Welcome to Federal Policy Week, a blog that covers federal policy developments in education, research, science, agriculture, immigration, energy, environment, natural resources, and intellectual property.
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IN THIS ISSUE:
Congressional, Administrative, Courts
- CONGRESS: Public View of Congress; Budget Deals, Budget Impact; Farm Bill.
- ADMINISTRATION & Independent Agencies: Nominations, Confirmations & Departures; DARPA & Life Sciences.
- COURTS: Campus Speech; EPA & RFS; Keystone XL Pipeline.
Noteworthy News: MOOCs abroad; International Students; Basic Skills; Value of College; Global Learning; Nuclear Shortage; Nuclear Bad News; Online Ed Profit Warnings; Laureate Education; Sonar & Whales; and Point of No Return.
In the Know: A Preview of Upcoming Events in DC.
- Congress vs. Horrible Things. Americans really don’t like Congress. A recent poll found that more Americans think more favorably of toenail fungus, hemorrhoids, dog poop, jury duty, Wall Street, witches, cockroaches, the IRS, potholes, DMV, and zombies than Congress. But, Congress should not feel completely disheartened as most Americans polled still held Congress in higher esteem than Charles Manson, twerking, Lindsey Lohan, and the Ebola virus.
- Budget Deals. At the time of publication, Congress had not yet reached a deal despite the on-going shutdown and impending deadline for the US government reaching its debt limit. The Senate’s attempt to vote on a bill that simply raises the debt limit through 2014 (past the election) without policy riders failed on a procedural move (cloture). The House passed piecemeal budget bills knowing they were DOA at the Senate. (Notably, the Senate Democrats have tried moving forward with a budget conference for months, but could not get past procedural hurdles erected by the Republicans). The answer to whether a clean continuing resolution together with a clean bill to raise the debt limit, something the President is demanding before negotiating, can pass will need to wait, but I will keep you posted.
- Budget Impact. Federal Policy Week has discussed the impacts of the shutdown (see The Shutdown), but as it continues, more reports pour in on both anticipated and unanticipated effects. Higher education is beginning to feel an impact, especially as some research and scheduled conferences have been postponed. If the debt limit deadline passes without a resolution, student loan programs, previously expected to escape the shutdown unscathed, may be shutdown, and Defense has already suspended its tuition-assistance program. Federal researchers, including Nobel Prize winners, at many agencies are at home not conducting research. Other casualties include NSF’s Antarctic research program, closing of humanities research facilities, including the Library of Congress and National Archives, most research and public access to the Smithsonian. During the shutdown, activities once thought essential are on hold. For example, EPA is not measuring effluents or contaminants, FAA airplane safety inspectors (the work is being done by the airlines), and the James Webb telescope is on hold (after years of delay). The federal government stopped issuing permits for oil and gas drilling on public lands. Websites for many science agencies, including NSF, NIST, NOAA, and NASA remain shutdown. Interior Secretary Jewell agreed to allow states pay to open and manage select national parks and most DOE workers at the national labs are still on the job. NRC, which remained open until it’s funding ran out, will stop non-emergency activities, such as licensing, reviewing of plant designs or issuance of any rules.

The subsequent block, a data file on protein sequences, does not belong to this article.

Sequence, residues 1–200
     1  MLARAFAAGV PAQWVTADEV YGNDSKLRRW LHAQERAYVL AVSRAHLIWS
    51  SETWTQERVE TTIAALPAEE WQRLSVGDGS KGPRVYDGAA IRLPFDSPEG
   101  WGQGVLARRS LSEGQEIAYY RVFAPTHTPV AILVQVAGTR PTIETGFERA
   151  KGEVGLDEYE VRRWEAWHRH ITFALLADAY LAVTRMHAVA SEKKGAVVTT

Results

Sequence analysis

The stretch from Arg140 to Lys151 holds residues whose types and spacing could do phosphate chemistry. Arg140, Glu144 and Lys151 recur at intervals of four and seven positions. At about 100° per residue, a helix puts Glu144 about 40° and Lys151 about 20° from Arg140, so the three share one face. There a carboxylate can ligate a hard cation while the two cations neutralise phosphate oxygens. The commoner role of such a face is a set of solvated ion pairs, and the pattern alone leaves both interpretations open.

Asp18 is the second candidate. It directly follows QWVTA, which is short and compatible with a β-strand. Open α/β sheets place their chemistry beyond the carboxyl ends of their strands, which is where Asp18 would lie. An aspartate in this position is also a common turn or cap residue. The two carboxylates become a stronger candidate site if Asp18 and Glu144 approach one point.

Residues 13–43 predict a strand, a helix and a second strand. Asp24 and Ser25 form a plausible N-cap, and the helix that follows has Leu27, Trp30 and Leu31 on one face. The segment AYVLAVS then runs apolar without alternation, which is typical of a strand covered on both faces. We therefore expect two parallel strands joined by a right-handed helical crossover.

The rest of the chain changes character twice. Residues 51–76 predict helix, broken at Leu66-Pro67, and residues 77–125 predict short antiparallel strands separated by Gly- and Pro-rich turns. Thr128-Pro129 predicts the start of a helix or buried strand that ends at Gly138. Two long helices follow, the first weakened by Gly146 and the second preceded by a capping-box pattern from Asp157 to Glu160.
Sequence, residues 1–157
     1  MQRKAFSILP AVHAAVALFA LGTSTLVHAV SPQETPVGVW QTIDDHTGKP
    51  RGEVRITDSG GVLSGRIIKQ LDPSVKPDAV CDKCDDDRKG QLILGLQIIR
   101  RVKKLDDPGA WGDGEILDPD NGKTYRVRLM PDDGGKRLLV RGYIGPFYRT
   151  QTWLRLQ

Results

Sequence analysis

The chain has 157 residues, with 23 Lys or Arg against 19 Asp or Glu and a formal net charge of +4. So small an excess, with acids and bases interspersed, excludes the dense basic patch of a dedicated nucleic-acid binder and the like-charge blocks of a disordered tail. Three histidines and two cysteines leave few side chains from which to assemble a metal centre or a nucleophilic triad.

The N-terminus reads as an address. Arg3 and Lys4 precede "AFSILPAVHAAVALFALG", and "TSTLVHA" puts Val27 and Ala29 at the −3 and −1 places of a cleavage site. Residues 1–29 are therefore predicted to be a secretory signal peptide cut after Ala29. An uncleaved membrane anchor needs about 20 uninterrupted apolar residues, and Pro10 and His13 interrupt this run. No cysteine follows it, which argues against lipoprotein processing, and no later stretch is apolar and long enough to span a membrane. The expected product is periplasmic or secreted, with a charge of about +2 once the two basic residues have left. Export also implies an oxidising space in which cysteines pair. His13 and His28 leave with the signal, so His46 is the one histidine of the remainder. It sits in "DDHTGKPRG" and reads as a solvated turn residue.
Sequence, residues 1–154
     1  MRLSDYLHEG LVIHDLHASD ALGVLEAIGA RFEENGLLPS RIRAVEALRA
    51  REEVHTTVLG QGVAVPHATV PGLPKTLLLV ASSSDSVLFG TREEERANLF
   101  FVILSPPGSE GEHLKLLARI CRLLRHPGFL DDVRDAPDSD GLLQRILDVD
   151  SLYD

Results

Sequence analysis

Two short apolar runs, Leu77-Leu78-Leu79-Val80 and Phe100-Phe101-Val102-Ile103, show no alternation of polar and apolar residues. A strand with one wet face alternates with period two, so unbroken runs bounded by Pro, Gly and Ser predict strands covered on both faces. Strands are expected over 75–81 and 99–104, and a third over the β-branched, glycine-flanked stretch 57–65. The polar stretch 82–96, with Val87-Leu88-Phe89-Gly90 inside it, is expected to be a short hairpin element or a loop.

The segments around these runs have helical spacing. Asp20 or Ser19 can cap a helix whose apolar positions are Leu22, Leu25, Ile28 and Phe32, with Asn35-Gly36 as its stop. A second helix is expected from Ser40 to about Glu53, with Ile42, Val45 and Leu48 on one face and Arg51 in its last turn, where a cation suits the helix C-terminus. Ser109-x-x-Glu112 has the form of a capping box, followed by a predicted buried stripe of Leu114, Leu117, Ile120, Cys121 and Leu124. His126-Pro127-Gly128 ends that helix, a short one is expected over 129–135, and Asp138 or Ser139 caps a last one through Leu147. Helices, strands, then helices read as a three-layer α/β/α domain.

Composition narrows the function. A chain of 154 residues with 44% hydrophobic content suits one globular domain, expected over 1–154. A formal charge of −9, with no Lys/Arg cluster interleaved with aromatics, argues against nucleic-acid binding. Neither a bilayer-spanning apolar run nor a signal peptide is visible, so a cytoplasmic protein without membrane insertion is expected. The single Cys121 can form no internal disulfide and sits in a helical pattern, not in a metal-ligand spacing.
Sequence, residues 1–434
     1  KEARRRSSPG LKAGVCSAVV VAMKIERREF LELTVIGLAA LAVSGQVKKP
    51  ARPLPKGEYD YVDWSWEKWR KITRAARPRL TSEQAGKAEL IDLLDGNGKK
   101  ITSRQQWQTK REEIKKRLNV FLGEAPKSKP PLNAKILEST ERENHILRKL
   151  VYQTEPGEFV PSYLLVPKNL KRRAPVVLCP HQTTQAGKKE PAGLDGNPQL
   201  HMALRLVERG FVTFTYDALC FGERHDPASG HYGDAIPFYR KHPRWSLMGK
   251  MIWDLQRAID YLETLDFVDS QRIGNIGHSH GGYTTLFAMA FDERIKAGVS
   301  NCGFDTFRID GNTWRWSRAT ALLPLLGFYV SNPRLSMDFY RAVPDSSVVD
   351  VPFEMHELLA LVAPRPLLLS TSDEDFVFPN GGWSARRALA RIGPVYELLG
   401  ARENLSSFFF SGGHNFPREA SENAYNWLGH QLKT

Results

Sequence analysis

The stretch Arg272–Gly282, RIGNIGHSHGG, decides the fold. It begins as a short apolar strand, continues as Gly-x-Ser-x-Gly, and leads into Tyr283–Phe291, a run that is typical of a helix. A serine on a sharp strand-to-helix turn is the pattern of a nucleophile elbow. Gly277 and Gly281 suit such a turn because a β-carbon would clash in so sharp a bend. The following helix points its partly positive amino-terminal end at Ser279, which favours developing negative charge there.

- Farm Bill. The US House held multiple votes to move to conference and conferees (17 Republicans and 12 Democrats) were appointed. Now the House and Senate conferees must hash out the significant differences between the two bills, most notably the funding levels for the nutrition programs (see Federal Policy Week posting Moving Ahead), authorization period, and conservation compliance, especially as the American Farm Bureau Federation reneges on its promise to support conservation compliance linkage to certain farm payments, a move strongly supported by House Republicans. Meanwhile, a bipartisan group of Senators is advocating for the end of direct agriculture payments.
Administration & Independent Agencies:
Nominations, Confirmations & Departures.
- Environment. The Administration’s senior environment and climate advisor, Heather Zichal, is leaving. Expect Obama to appoint someone from within the White House to the position.
- Weapons Expert. The Administration’s top weapons expert and Deputy Secretary of Defense, Ashton Carter, is departing the Department of Defense.
DARPA & Life Sciences. DARPA, a defense agency whose mission embraces high-risk research, has its eye on increasing funding for biotechnology research. Several DARPA programs, including the Living Foundries program, which provides funding for traditional life sciences fields, including biofuels and medicines, and DARPA’s participation in the BRAIN Initiative (see postings Budget Battles and the President’s Budget) and for more on the BRAIN Initiative) highlight this direction, although
- Campus Speech. The Supreme Court declined to take up two decisions relating to campus speech, allowing the appeals courts’ decisions stand. More specifically, the court rulings upheld a university’s firing of an administrator who used anti-gay speech (Crystal Dixon v. University of Toledo) and allowed student journalists to present evidence involving a university’s violation of free speech (Ed Ray v. OSU Student Alliance).